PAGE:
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dc.contributor.authorWinchester, Chris
dc.description.abstractThe Key Largo woodrat (KLWR; Neotoma floridana smalli) is an endangered species endemic to the island of Key Largo. Despite protection of its remaining habitat from development, the population continued to decline over the last 20 years. Information on KLWR habitat preferences required to effectively manage the population is lacking, as is a means to monitor abundance. The objectives of this study were to examine habitat selection by KLWR at two spatial scales, the macro and micro-scales, and identify an efficient sampling design that can be used to monitor this rare population. Results of habitat and nest site selection suggest KLWR is limited by the availability of quality nest habitat and would benefit from the addition of artificial nest substrate and the continued protection of the forested uplands of Key Largo. Stratified random sampling was the most effective design and can be used to monitor the status of KLWR.
dc.subjectKey Largo woodrat
dc.subjectNeotoma floridana smalli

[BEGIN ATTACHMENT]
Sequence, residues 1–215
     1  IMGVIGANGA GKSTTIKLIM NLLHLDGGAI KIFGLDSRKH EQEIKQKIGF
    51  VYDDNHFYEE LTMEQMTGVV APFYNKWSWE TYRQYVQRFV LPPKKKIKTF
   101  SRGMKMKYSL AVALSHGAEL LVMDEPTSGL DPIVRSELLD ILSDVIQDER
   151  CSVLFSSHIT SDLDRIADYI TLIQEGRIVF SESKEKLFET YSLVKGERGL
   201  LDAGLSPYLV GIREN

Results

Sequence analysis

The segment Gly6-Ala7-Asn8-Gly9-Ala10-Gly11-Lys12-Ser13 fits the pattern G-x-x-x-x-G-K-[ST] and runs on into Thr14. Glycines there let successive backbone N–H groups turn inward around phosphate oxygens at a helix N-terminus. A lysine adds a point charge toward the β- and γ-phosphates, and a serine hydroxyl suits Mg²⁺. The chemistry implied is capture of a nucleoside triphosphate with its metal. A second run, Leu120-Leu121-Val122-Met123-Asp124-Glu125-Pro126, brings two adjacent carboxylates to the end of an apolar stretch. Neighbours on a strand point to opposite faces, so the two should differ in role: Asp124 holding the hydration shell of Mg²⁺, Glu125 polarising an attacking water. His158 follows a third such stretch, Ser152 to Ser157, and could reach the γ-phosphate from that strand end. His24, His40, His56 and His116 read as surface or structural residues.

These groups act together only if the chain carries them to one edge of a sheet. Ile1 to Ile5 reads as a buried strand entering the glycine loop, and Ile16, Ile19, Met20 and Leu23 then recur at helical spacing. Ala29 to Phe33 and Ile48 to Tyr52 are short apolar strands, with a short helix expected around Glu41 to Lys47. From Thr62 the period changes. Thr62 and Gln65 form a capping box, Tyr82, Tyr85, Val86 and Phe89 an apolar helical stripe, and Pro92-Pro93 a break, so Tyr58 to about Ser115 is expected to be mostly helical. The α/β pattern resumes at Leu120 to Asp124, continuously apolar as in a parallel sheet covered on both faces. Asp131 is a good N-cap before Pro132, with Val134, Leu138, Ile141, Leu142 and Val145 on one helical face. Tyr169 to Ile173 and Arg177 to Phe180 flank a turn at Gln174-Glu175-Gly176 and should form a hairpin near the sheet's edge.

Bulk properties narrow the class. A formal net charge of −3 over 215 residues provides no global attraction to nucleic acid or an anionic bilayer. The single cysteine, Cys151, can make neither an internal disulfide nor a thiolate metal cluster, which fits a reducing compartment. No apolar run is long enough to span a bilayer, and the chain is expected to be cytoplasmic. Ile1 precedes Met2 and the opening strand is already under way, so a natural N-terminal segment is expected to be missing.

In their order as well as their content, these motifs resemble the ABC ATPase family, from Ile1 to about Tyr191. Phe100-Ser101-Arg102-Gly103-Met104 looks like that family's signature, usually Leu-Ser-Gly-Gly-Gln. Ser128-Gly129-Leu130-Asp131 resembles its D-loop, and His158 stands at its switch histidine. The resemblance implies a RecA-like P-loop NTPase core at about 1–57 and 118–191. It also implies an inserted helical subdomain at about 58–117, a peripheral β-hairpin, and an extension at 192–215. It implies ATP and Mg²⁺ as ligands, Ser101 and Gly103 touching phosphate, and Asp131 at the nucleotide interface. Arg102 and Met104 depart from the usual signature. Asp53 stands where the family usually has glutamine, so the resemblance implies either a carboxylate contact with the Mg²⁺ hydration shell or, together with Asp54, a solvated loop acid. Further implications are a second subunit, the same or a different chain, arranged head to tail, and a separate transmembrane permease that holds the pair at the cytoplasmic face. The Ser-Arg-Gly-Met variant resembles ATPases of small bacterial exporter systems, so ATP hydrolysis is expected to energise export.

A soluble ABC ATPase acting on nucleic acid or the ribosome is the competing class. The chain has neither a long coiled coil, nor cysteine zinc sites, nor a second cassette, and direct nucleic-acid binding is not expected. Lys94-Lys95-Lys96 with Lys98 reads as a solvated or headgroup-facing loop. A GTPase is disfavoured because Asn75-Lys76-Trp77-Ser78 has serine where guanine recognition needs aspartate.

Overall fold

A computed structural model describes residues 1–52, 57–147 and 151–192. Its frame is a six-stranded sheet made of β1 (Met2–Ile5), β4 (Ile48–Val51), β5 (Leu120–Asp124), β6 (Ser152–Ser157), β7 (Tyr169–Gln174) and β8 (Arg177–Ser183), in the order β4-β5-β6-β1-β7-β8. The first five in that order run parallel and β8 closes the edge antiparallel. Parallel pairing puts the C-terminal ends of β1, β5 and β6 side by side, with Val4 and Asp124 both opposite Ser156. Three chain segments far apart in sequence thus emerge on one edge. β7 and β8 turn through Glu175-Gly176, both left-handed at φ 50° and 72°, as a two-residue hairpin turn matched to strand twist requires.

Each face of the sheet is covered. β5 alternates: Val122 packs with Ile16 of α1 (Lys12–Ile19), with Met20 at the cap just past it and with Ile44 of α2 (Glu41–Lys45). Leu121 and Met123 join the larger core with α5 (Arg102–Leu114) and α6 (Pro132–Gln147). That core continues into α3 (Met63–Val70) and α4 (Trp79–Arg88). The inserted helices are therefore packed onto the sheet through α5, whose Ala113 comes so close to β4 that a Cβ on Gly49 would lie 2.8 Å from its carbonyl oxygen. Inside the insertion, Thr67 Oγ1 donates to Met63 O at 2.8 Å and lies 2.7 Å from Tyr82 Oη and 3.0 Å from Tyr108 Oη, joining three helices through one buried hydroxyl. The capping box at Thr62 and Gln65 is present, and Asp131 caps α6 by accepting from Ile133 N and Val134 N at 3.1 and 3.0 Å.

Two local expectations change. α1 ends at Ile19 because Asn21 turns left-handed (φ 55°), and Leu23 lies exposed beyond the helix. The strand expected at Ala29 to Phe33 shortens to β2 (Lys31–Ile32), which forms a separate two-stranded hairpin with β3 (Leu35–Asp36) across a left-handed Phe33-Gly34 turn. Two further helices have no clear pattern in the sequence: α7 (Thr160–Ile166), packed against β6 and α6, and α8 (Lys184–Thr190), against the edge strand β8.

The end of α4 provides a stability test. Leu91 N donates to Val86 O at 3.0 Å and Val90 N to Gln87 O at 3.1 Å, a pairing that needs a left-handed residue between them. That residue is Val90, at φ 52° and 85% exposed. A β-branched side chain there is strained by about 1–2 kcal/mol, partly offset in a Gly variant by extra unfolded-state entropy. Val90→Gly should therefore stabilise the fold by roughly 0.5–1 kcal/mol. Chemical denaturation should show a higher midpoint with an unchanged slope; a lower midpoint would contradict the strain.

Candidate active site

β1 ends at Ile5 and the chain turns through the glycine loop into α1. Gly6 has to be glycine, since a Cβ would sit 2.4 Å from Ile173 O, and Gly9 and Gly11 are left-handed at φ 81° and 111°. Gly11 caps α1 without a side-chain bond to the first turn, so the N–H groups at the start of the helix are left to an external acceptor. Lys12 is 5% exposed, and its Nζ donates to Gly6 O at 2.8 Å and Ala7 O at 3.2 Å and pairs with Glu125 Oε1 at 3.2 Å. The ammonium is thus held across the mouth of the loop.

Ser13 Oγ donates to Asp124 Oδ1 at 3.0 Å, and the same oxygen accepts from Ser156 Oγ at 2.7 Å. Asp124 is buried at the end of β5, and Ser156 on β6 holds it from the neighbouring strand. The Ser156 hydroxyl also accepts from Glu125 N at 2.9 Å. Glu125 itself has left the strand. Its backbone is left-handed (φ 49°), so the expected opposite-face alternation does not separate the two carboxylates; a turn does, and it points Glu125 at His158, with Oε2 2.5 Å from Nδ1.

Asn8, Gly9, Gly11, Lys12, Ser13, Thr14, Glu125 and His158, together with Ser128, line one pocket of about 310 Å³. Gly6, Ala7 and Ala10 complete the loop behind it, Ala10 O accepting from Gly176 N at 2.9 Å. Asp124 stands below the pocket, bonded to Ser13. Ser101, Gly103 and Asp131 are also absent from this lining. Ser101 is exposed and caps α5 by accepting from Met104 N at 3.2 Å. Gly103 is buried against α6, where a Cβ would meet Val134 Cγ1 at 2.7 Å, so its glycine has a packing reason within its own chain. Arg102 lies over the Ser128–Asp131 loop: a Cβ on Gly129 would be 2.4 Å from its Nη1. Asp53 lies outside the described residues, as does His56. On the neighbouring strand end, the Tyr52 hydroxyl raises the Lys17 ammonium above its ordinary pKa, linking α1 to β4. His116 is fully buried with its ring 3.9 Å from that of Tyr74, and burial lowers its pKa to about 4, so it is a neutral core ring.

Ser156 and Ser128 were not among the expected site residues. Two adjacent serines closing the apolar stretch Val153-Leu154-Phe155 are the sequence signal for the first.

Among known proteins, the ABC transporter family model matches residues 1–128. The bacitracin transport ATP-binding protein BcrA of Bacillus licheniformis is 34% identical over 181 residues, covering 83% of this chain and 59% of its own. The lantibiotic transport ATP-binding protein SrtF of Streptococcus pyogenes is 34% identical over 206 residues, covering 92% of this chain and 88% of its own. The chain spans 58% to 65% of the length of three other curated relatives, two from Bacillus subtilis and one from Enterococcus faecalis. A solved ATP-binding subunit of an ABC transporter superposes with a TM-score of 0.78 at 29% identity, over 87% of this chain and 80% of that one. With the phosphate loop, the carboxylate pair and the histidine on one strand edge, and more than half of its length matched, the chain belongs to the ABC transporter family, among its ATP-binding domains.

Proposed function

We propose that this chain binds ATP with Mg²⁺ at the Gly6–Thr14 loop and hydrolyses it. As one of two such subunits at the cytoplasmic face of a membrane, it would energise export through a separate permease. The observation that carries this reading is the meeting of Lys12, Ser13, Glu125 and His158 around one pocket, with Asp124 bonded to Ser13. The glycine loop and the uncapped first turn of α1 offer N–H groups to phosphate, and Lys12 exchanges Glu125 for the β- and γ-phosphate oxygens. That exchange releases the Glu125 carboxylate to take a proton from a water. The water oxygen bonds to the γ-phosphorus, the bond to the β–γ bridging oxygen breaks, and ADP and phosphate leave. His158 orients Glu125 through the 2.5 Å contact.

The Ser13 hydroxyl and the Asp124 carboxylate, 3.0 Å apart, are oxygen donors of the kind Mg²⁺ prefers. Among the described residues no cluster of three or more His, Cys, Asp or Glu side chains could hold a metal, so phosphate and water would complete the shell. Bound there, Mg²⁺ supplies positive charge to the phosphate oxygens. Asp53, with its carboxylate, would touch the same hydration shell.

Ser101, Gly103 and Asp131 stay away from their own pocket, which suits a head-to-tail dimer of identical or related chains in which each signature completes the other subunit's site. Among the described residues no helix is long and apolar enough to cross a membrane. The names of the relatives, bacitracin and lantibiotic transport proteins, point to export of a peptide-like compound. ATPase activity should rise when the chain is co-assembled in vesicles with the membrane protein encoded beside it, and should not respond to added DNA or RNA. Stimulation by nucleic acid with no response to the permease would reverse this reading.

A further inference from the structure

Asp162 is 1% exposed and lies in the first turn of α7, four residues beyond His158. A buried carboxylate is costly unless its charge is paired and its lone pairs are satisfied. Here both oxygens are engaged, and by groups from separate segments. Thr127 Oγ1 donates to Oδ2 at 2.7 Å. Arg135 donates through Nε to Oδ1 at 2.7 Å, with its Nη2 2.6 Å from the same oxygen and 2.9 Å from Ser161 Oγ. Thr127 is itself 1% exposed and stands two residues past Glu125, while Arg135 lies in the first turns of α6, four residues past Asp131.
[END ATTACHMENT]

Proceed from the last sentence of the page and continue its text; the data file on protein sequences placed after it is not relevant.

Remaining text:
dc.subjectmacrohabitat selection
dc.subjectmicrohabitat selection
dc.subjectnest site selection
dc.subjectlogistic regression
dc.subjectresource selection function (RSF)
dc.subjectadaptive cluster sampling
dc.subjectclosed population model
dc.titleAn evaluation of habitat selection and an abundance estimate for the endangered Key Largo Woodrat
dc.description.departmentForest Resources
dc.description.majorForest Resources
dc.description.advisorSteven B. Castleberry
dc.description.advisorMichael T. Mengak
dc.description.committeeSteven B. Castleberry
dc.description.committeeMichael T. Mengak
dc.description.committeeNathan Nibbelink
dc.description.committeeMichael J. Conroy

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